Composting: A Jewish Practice?
Turning & Returning
"Turn it and turn it for everything is in it."
When the first century sage, Yohanan Ben Bag Bag, uttered these words, his mind was on Torah. What he meant was that the entire universe is contained within the Torah, and to access its wisdom, one must read it over and over--uncovering a new layer of meaning with each turn of the scroll.
The first time I encountered this saying, I was standing in the dining hall at the Isabella Freedman Jewish Retreat Center. The Freedman Center is known for its eco-friendly practices, including composting the food waste from its dining hall. As I stood before the food scrap bucket, poised to scrape in a few leftover bites of salad, my eye caught a sign taped directly above it. On the sign, next to a small photograph of two hands cupping a small mound of dirt it said: "Turn it and turn it for everything is in it." Of course!
The inside of a compost pile--made up of layers that get "turned" every so often (more on that later)--teems with life as countless hard-working microorganisms rebuild the universe out of our banana peels. What could be a better physical metaphor for the Torah than a healthy mound of soil?
A May 2008 article in the New York Times reported that, "Americans waste an astounding amount of food--an estimated 27% of the food available for consumption." Moreover, we generate almost 30 million tons of food waste each year, which equals about 12% of the total waste stream. In addition to clogging up landfills, rotting food produces methane gas, which contributes to global warming. In contrast, composting--the process of aerobically breaking down biodegradable organic matter--reclaims that food waste as a resource, producing usable, nutrient-rich soil that can be used for landscaping, in house plants or, coming full circle, to grow more food.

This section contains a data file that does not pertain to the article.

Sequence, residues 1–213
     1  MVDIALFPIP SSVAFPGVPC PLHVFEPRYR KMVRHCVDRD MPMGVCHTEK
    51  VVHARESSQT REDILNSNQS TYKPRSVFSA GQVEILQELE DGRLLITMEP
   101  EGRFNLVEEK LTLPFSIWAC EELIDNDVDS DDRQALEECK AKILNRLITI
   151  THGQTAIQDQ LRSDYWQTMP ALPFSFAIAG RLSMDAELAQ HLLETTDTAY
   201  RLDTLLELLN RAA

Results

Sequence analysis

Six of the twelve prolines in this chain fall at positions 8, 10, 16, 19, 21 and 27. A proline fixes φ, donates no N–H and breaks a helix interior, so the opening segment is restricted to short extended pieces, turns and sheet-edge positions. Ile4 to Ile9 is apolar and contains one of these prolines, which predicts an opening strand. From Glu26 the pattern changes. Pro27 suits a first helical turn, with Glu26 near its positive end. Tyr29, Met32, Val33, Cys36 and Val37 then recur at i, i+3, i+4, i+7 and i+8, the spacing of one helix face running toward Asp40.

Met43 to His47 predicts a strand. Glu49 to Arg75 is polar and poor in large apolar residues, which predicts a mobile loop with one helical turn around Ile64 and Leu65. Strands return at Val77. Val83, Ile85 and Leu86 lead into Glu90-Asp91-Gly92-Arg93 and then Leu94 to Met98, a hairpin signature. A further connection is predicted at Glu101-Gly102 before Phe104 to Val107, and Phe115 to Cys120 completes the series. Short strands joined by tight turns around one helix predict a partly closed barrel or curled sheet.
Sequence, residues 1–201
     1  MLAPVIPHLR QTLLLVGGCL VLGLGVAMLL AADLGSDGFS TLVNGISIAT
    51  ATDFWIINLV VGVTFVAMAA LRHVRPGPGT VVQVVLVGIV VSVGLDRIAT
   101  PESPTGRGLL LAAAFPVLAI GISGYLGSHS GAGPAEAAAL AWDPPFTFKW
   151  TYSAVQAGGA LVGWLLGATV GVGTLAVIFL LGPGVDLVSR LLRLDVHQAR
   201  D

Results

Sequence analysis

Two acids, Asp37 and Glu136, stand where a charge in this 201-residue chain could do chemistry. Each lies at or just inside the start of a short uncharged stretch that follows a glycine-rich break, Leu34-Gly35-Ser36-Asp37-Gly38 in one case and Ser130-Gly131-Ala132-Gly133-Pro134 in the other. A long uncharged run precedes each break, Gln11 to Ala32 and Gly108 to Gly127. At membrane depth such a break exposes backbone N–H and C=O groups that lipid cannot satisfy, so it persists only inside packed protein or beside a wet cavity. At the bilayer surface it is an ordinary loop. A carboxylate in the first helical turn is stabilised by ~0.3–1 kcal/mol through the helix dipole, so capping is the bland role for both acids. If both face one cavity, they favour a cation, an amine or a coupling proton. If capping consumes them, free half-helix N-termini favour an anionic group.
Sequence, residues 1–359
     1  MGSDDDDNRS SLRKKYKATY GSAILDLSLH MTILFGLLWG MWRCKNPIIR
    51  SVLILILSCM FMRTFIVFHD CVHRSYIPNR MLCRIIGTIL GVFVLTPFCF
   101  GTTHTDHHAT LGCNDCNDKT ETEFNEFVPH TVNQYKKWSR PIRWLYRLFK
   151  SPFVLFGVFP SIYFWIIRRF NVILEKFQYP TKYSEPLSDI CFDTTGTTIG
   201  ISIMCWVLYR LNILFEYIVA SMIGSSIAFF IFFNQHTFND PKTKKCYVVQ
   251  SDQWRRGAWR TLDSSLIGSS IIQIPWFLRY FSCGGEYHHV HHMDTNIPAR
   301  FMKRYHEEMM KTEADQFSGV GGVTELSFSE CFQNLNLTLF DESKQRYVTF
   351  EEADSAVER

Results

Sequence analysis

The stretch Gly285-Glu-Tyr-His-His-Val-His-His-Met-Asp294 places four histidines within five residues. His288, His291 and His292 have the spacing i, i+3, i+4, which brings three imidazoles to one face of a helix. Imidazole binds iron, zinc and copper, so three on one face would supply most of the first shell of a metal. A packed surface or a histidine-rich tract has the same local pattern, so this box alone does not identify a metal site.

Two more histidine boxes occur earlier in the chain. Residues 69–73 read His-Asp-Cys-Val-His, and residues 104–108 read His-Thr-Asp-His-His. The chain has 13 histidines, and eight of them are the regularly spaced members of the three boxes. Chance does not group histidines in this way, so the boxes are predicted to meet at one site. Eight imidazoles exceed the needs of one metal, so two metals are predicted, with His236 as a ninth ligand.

There are several different ways to compost, including disposing of food and yard waste in a compost bin (either homemade or store-bought) and "turning" or rotating it with a shovel to aerate the pile, which aids the decomposition process. As the food breaks down it generates a lot of heat, which speeds things up even more, turning yesterday's breakfast waste of egg shells and coffee grounds into tomorrow's soil.
Another composting method harnesses the power of worms, putting them in a bin with the food scraps and utilizing them as a mini-utilitarian workforce. Vermicomposting eliminates the need to turn the food scraps, because worms aerate the pile as they wriggle through it looking for another delicious orange peel to snack on.
A healthy compost bin requires a fairly particular recipe of wet matter like fruit and vegetables and dry matter like news clippings and leaves. If the recipe isn't right, the composting process does not work correctly and can result in horrific smells, bugs, flies, and other pests. (A well functioning compost bin should smell like soil, not putrid, rotting food.) Unfortunately, many compost novices understandably give up after one bad experience, when a few small tweaks to their recipe could set them back on track.
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